Monday, March 14, 2016

A c1790 jacket and petticoat

Some of you might be familiar with the Francaise Dinner my group of costumer friends has been putting on for the past few years, lately in Alexandria...it was this past weekend, and for various reasons, a few of us in the Philly area weren't able to attend. So I thought it might be nice to have a compensatory event the same weekend, just so we could play 18thc dress-up this weekend too! We ended up having a nice little lunch at City Tavern in Philadelphia yesterday, that I decided to very cleverly decided to call the Loser Anglaise Luncheon.

(Because an anglaise luncheon is not as cool as a francaise dinner, you see. Very clever indeed.)

The point wasn't to make anything new, but I did anyway - primarily because I wanted to get a nice display of the samples of painted petticoats I've been working on for the past few weeks. (The petticoats will get their own post in the next couple days, fear not.) And I really wanted a jacket to wear with a painted petti rather than a gown; what's the point if you can't see the whole petticoat, right??
No, I shan't stop showing off my pink American Duchesses, thanks very much. I luuuuurves them!

I was mainly inspired by the very-famous jacket in the KCI's collection, although I looked through a whole mess of late 18thc jackets on pinterest too!
The fit is maybe not the best I've ever done - those bodice wrinkles, hmmm. Still, I think it's rather cute! Glad I went with the yellow ribbon trim rather than the original matchy-bronze I was contemplating.
Cars in the background, whoopsie.
Materials and Construction: The jacket's silk satin (a remnant I bought a couple years ago from Renaissance Fabrics, with no idea what I'd make, but so pretty I couldn't pass it up), trimmed with butter-yellow silk satin ribbon from Farmhouse Fabrics, and lined in natural linen. Just the tails are lined in scraps of bronze silk shantung. Hand-sewn, as usual! I used the pattern from my "dress-in-a-day", and just drew tails in, moved the side front/front seam back a bit, and lengthened the sleeves slightly. Without making a mockup, but hey. In my defense it's not really the tails causing most of the problems here.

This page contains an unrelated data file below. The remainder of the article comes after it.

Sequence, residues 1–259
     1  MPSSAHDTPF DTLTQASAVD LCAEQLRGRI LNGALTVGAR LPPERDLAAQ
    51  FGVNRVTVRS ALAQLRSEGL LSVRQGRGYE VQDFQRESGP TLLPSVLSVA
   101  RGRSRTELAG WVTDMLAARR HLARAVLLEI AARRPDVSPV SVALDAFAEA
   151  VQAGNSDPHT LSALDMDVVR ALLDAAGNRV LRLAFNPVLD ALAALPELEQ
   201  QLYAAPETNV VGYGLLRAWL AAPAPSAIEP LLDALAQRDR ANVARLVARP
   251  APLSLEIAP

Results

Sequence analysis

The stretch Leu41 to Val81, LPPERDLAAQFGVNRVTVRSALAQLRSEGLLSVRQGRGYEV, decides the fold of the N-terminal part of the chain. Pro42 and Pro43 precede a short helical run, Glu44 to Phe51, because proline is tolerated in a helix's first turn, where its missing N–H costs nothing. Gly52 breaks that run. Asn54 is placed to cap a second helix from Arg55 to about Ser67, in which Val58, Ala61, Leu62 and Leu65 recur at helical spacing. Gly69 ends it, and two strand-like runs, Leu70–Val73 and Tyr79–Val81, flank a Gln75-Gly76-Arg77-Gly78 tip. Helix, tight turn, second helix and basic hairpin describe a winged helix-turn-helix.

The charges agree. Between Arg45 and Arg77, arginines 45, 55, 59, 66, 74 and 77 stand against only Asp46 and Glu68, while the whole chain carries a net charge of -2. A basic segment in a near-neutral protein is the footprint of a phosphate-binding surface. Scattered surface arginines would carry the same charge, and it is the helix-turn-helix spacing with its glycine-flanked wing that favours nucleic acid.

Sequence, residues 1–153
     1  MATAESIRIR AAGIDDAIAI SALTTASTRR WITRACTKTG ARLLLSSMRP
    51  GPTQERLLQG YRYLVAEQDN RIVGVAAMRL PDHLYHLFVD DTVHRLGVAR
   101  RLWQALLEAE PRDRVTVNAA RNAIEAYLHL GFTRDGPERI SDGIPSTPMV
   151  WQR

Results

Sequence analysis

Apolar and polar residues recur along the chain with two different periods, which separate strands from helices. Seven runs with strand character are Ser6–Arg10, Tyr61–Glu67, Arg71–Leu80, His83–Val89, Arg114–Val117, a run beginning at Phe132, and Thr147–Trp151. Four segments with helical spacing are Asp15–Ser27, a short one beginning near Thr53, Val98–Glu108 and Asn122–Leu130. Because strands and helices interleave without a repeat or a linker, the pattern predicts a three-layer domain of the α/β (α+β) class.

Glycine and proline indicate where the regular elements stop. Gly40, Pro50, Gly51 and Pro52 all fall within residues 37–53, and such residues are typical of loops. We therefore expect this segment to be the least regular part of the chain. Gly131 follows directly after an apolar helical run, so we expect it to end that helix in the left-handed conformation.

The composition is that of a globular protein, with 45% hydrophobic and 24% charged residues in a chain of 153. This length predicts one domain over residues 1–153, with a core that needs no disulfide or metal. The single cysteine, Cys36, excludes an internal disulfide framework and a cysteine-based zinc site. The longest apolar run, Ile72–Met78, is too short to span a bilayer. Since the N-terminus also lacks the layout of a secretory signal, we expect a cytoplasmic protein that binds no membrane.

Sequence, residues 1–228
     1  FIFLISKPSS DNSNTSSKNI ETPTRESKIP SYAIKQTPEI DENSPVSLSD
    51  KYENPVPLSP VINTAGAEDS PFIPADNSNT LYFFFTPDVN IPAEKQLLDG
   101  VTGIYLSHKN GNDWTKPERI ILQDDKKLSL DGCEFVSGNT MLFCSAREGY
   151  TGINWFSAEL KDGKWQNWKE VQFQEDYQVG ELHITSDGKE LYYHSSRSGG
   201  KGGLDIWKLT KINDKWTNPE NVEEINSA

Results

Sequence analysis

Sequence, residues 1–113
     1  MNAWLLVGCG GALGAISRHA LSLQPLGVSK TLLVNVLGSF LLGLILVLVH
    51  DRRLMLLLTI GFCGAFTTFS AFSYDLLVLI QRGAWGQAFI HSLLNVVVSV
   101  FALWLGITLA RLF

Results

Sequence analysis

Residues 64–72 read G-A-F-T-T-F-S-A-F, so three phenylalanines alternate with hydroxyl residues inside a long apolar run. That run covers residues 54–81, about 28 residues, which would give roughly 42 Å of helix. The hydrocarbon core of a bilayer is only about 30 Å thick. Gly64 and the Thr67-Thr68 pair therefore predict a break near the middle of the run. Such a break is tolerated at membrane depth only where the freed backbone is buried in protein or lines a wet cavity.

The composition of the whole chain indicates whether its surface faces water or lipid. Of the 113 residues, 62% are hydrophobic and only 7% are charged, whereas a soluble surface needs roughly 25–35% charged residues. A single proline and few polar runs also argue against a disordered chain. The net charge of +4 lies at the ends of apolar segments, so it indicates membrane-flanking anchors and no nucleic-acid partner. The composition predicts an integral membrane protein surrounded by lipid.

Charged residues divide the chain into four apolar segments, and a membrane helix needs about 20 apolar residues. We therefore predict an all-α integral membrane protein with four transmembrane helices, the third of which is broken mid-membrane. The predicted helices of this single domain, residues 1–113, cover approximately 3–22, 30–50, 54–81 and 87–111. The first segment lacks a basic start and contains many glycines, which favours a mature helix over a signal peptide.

Box pleats for everyone! EVERYONE.
Yes, it was warm enough to not need gloves. But accessories are the key to good costumes!
 
It's harder to tell in pictures than in person, but the front piece is in fact a cutaway front; the fronts are separate layer and are joined at the side seam, the neckline, and the top 2-3" of the CF. The cutaway bit is unlined, while the full front underneath is lined with linen, like a normal bodice.
As I said, I'll do a more detailed writeup on the petticoat, but for now: Made of cotton voile and painted by me, and all hand sewn. If you look at the hem you can see just how sheer the voile is; I'm wearing it over my off-white petticoat (and my quilted/taffeta petticoat, and my 1860s hoop pad. Yes, my hoop pad! Hey, I needed a small rump that had volume at the back rather than the sides/back like my small 18thc rump does! That one's much more appropriate for 1770s-mid-1780s. And why make another one when this one did quite well?). The design on the petticoat is based on a textile piece in the Met.
Let's end with showing off my shoes again, 'kay? I can do that!

5 comments:

  1. Your petticoat is beautiful! I am a firm believer in using pieces across time periods, so I won't judge you in that department ;)

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    Replies
    1. Thank you! And, LOL, I figured, a rump is a rump is a rump, right? :D

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